Younger baby boomers and the older members of GenXers are the first group of midlifers moving into the age of aches and pains and elective surgeries with access to powerful and addictive opiate painkillers. American physicians are now armed to cure what ails us, or at least to prevent us from feeling it. Twisted ankle? “Take this.” Some pain from outpatient surgery? “Take that.” Not only are these painkillers effective, they are highly addictive.
Lucky us, except that, in growing numbers, these prescription drugs are ruining lives, destroying families and for some, they are deadly.
As physicians, pharmacists, and insurance companies became more astute to the behaviors of addicts, access to these drugs was limited. Doctor shopping, fake prescriptions, etc… became more heavily scrutinized and addicts found easier access to heroin dealers than drugstores. Compared to buying prescription drugs on the street market, heroin is a bargain.
You only need to follow the local news stories of heroin making its way into northern Michigan. Users are as, or more, likely to be a white middleaged school teacher as any other profile.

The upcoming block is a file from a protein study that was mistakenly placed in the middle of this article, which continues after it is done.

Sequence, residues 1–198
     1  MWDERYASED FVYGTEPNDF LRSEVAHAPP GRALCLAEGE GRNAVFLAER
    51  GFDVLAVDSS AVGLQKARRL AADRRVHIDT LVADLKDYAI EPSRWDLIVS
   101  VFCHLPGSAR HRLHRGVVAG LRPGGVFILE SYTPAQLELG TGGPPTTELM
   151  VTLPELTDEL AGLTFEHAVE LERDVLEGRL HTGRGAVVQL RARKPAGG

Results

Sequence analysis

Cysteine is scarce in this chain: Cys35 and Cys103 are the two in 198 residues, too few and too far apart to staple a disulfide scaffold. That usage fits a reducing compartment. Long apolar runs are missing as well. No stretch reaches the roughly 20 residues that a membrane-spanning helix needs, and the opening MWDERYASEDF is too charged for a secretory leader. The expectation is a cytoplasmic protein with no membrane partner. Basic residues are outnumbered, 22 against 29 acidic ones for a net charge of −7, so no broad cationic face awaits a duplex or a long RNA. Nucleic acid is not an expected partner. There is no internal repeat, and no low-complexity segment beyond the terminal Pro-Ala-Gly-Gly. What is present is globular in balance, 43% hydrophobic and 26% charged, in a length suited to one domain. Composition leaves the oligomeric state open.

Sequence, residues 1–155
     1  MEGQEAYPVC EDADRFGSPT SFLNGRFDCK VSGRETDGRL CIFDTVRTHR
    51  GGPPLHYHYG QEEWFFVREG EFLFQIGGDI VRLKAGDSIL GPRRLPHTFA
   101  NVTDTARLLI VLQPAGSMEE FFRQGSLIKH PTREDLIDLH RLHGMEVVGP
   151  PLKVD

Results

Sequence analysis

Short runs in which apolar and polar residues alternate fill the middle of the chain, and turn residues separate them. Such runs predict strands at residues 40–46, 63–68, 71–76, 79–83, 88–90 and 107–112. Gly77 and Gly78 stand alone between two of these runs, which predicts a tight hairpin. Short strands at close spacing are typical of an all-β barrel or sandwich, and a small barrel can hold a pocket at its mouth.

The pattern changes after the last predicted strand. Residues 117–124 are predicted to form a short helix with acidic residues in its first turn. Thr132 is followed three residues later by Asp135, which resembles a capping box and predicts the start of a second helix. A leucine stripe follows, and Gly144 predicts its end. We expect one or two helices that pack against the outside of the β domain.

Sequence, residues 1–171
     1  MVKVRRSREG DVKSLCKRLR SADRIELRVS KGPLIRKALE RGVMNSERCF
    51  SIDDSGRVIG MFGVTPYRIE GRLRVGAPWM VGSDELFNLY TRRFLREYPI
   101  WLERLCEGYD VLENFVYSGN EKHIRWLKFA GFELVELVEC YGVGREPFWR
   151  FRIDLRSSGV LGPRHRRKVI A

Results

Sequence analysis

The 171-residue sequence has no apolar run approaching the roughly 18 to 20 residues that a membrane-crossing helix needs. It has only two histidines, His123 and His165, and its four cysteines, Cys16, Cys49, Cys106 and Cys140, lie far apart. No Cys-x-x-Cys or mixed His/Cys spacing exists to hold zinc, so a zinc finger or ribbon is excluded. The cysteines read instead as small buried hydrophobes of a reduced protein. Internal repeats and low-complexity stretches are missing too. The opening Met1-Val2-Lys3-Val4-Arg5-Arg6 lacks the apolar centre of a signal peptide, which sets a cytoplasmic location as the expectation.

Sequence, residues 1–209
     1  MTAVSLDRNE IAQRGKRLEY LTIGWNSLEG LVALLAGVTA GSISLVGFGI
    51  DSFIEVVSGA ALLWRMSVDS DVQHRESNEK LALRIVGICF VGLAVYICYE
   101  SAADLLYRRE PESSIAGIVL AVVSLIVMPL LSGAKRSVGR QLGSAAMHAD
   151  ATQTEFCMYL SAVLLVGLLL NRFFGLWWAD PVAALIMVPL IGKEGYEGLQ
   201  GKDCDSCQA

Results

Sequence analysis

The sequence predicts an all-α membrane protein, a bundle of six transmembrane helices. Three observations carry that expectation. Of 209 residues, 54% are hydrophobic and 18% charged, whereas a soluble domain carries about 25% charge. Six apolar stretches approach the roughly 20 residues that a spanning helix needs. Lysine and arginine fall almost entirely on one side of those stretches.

I’m not pointing my finger at the medical community or pharmaceutical industry. We need to take personal responsibility for taking addictive painkillers. You’d be hard pressed to find an addicted tobacco user who one day just decided to start smoking a pack or two of cigarettes every day. They smoked one cigarette, and then another, and another. One day, they didn’t just want a cigarette, they needed it. This is how every form of addiction begins. We need to question taking these addictive painkillers when ibuprofen, acetaminophen or naproxen might do the job. But no, we don’t question a doctor’s prescription for our pain management. We fill the prescription and roll the dice.
The CDC estimates that for each prescription painkiller death in 2008, there were 10 treatment admissions for abuse, 32 emergency department visits for misuse or abuse, 130 people who were abusers or dependent, and 825 non-medical users.